What It Is
The aorta is the body's main artery. It distributes oxygen-rich blood to all parts of the body except the lungs. The first branches of the aorta go to the upper body (arms and head). After that, blood goes to the lower body (abdomen and legs). Coarctation of the aorta is a narrowing of the aorta between the upper-body artery branches and the branches to the lower body. This blockage can increase blood pressure in your arms and head, reduce pressure in your legs and seriously strain your heart. Aortic valve abnormalities often accompany coarctation.
The narrowing can be removed by surgery or sometimes by a nonsurgical balloon dilation in the cardiac catheterization lab. Aortic coarctation may return even after successful surgery or balloon dilation. This isn't uncommon if your repair was done when you were a newborn. (It's uncommon if it was repaired when you were a child.) If you've reached your full adult size and have no blood pressure difference between your arms and legs, it's highly unlikely that your aorta will become obstructed again.
Recurrent coarctation is usually treated with nonsurgical balloon dilation or by implanting a stent using cardiac catheterization.
Medical After the coarctation is repaired, you'll need your blood pressure checked every 1-2 years. The reason is that you're at higher risk of developing generalized high blood pressure or problems with your aortic valve. Both of these can be checked for during your routine cardiology visits.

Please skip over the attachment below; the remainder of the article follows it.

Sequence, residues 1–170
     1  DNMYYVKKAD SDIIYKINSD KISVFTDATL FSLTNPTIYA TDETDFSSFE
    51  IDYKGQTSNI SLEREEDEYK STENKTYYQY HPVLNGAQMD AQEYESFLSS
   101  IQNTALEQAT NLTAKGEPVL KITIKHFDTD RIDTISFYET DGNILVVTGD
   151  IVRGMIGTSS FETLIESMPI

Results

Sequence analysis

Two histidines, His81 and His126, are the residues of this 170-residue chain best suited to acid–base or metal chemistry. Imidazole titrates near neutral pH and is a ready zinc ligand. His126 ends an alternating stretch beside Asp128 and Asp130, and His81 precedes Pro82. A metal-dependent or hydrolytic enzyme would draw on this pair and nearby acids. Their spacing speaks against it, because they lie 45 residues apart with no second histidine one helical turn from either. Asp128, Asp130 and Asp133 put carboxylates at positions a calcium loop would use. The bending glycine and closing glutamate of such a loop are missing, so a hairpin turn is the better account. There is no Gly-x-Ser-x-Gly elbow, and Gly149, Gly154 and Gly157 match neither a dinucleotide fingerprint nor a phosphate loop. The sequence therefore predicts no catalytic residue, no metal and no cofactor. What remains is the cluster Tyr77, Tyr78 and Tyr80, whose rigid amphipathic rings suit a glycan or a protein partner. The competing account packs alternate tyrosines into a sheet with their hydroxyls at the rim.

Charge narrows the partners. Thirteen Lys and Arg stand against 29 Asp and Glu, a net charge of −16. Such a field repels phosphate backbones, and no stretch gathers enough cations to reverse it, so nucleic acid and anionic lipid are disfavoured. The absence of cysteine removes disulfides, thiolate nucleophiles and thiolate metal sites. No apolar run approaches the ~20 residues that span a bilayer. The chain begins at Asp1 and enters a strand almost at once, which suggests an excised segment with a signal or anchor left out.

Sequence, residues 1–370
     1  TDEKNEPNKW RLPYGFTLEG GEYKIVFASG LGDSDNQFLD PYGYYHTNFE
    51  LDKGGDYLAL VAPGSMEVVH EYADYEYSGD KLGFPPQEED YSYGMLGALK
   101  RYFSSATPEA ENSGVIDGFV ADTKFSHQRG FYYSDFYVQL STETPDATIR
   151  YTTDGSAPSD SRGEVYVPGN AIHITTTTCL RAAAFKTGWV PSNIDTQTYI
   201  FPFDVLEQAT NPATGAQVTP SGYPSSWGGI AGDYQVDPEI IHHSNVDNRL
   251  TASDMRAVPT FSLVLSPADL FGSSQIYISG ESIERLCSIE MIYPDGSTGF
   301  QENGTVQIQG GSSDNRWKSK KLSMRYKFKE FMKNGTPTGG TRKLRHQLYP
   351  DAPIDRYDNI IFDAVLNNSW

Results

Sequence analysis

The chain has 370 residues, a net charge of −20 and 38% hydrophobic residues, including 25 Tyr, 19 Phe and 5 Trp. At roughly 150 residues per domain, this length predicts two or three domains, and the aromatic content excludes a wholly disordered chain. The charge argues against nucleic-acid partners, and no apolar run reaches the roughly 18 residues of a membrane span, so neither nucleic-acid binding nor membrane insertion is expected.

Activity Restrictions Depending on your blood pressure at rest or during exercise, you may be advised to avoid some forms of strenuous exercise. Heavy isometric exercise, such as power weightlifting, may be a particular concern if your pressure is elevated. In general, you don't need to restrict activity if your arm and leg blood pressures are normal. (See the Physical Activity section.) Ask your cardiologist if you should limit any activity.
You may need antibiotics before certain dental or surgical procedures if you have an aortic obstruction or aortic valve abnormality. (See the section on Endocarditis.)
Pregnancy Most women with repaired coarctation shouldn't have any difficulties, unless there's residual aortic obstruction or generalized high blood pressure. However, if you have persistent coarctation or any associated problems that might affect you or your baby, check with your physician before considering getting pregnant. (See the section on Pregnancy.)
Problems You May Have
Symptoms Coarctation of the aorta usually doesn't have symptoms. However, if the obstruction becomes severe, you may not tolerate exercise well. You could have a headache or leg pains after exertion. You also might have chest pain or palpitations. Tell your cardiologist promptly about any activity-related symptoms.
Will You Need More Surgery?
The need for surgery or catheterization depends mostly on the level of pressure in your arms and legs when you're resting and, under some circumstances, during exercise. If your arm and leg blood pressures are normal, you probably won't need more intervention.
Information Obtained from The American Heart Association
Tuesday, June 23, 2009
What It Is